A Stingray, Previously Thought to Be a Virgin, Is Expecting Offspring in a Small-Town U.S. Aquarium

Credits: WBAL-TV

Charlotte, a California round stingray residing at the Aquarium & Shark Lab in Henderson, North Carolina, has captivated both locals and scientists with her unexpected pregnancy, as she is believed to be expecting offspring without ever having been in contact with a male of her species.

Having been a resident at the aquarium for over eight years, Charlotte’s situation began to unfold in late November when she developed an unusual growth on her body, initially raising concerns among the staff that she might have a tumor.

Kinsley Boyette, the aquarium’s assistant director and Charlotte’s dedicated caregiver, expressed the initial worry, stating, “Her hump just started growing and growing, and we thought that it could be potentially cancer.” Such cysts are known to sometimes form in the reproductive organs of rays when they fail to mate.

Virgin Stingray (Credits: Raw Story)

Upon performing an ultrasound and sharing the results with scientists, it was confirmed that Charlotte was, in fact, carrying eggs. Subsequent scans even revealed the presence of tiny flapping tails, indicating the embryos’ development.

Thought to be between 12 to 14 years old, Charlotte could give birth to her “pups” at any moment. Such virgin births are exceedingly rare, and the gestation period might vary from the normal three to four months.

The news of Charlotte’s pregnancy has sparked anticipation in the local community. Following lengthy renovations, the aquarium recently reopened, drawing significant attention from visitors eager to catch a glimpse of Charlotte. Boyette shared, “Just about everybody coming through our door wanted to see Miss Charlotte — it’s very, very exciting.”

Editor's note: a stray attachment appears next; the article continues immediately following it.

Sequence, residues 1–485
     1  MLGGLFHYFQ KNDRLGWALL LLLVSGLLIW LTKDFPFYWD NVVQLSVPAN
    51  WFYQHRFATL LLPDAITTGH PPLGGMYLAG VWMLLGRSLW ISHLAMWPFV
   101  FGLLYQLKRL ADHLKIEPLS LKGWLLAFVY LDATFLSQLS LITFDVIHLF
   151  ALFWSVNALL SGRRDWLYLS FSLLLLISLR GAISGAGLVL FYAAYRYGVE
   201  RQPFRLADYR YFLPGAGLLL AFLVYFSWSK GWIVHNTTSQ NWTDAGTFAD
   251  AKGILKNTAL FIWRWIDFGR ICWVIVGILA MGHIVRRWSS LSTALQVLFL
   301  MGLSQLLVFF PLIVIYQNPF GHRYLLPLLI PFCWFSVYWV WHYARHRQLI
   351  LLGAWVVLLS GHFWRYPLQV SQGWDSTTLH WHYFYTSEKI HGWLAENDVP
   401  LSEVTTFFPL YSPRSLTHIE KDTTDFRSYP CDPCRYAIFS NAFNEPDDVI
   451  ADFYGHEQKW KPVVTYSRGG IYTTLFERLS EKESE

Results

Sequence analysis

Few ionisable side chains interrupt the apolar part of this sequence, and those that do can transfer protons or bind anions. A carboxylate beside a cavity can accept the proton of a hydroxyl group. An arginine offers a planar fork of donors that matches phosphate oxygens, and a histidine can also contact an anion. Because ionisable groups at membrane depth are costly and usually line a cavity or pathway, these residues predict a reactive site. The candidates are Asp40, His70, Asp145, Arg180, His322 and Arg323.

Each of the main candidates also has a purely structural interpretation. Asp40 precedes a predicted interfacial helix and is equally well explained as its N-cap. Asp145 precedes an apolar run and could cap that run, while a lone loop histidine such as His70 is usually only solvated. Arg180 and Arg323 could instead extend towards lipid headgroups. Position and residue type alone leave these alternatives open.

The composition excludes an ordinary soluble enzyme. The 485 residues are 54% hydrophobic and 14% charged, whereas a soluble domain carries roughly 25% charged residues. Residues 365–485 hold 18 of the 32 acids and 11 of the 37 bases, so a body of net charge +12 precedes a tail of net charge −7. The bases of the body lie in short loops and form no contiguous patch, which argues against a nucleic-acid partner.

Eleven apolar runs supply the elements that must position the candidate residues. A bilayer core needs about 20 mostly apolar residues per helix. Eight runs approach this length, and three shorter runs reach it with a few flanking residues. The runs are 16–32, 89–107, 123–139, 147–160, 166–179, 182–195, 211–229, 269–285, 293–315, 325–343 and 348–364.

Beyond her unusual pregnancy, Charlotte, approximately the size of a dinner plate, shares her living space with five small sharks and charms visitors with her friendly demeanor.

Boyette recounted a recent interaction, saying, “I got in the tank with her this morning and she was just doing laps — she was doing circles because we had a class here of kiddos and she loves the attention.” Charlotte readily approaches the glass when approached and enjoys cuddles from her favorite people.

Additionally, she has a particular fondness for crawfish, which she occasionally receives as a treat, along with her regular diet of shrimp, oysters, and scallops.

Round stingrays typically hatch their eggs internally before giving birth to anywhere from one to four pups. However, the odds of health issues and death rise in virgin births, according to experts.

Charlotte currently resides in a 2,200-gallon tank, roughly the size of a small dumpster. Since she is thought to be carrying up to four offspring, the aquarium hopes to double the size of her tank if all goes well.

The ability of certain species to reproduce without male genetic contributions, known as parthenogenesis, was long considered exceedingly rare. However, in recent years, it has been documented in various vertebrates, including birds, reptiles, and fish — though not mammals.

Bryan Legare, manager of the shark ecology program at the Center for Coastal Studies in Provincetown, Massachusetts, explained that reproductively viable animals prevented from mating in captivity will sometimes undergo parthenogenesis.

This process involves small cells called “polar bodies,” which are formed at the same time as eggs that normally disintegrate but instead re-merge with the egg, providing the genetic material needed to create a viable embryo.

While the frequency of parthenogenesis in the wild is not clear and would require genetic testing to confirm, it offers a unique advantage. As Legare humorously noted, “With parthenogenesis, you see the advantage: you can be single on Valentine’s Day.”

Hi, I'm Daz, pronounced "Daa-aa-z." I love to write content on gaming and stuff, but I can write on pretty much anything. You can reach me through my social handles or [email protected]